“Maybe all novels are spy novels, and all novelists are spies—on people, on life.” Ian McEwan offered up this conjecture during a recent interview with Charlie Rose, and it’s a fascinating insight into Sweet Tooth, his latest masterful novel.
It is, in one sense, a literal observation. Many of McEwan’s compatriot authors were spies in their early careers; famous examples include Somerset Maugham, Graham Greene, Ian Fleming, and—of course—John Le Carré. But McEwan’s theory also extends to those novelists, such as himself, with no prior experience in the world of espionage. Both fiction writers and spies must be keen observers of the world around them.
“We watch,” McEwan says. “We try to gauge motivations. We try to do that thing that all intelligence agencies do, which is to take control of the narrative.”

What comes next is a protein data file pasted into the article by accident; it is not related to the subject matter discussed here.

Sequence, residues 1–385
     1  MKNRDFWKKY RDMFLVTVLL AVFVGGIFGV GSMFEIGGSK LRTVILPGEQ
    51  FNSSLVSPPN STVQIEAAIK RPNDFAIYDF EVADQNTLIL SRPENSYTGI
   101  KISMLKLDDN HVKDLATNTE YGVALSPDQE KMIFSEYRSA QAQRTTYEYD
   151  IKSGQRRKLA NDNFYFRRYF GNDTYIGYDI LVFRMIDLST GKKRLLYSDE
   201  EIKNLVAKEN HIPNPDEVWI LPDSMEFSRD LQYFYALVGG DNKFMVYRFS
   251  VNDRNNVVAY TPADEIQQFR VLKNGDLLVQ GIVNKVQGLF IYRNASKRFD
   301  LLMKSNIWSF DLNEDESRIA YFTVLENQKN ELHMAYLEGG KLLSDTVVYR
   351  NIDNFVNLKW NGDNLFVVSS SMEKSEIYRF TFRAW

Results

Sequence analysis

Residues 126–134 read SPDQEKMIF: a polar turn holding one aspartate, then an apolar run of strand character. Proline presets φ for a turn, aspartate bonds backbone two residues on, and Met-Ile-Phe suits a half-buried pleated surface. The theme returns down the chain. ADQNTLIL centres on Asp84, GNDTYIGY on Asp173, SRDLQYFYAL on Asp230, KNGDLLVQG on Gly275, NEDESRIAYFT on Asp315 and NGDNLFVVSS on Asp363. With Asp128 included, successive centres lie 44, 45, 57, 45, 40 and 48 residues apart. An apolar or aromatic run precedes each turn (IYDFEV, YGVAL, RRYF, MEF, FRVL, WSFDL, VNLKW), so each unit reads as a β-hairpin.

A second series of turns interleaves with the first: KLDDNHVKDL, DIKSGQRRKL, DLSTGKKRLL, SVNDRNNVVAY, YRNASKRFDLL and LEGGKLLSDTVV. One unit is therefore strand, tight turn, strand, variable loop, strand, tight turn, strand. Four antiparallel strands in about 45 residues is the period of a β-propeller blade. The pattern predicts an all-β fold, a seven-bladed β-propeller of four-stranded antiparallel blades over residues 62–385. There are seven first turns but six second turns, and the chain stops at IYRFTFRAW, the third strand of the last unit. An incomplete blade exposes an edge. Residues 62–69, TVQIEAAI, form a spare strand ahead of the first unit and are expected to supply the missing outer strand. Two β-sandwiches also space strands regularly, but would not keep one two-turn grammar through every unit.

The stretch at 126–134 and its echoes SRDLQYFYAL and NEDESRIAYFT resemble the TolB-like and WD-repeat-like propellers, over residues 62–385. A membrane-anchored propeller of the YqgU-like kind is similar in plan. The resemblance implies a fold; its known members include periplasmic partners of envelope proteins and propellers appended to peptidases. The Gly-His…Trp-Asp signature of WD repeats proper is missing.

As McEwan himself has suggested, Sweet Tooth isn’t just a novel about spies: it’s also a novel about the pleasures—and dangers—of reading and writing. So, for those about to delve into Sweet Tooth, here’s a crucial bit of background intelligence: top-secret dossiers on the novel’s scheming main characters. Keep in mind that it can be difficult to tell the spies from the writers, and remember to burn after reading!
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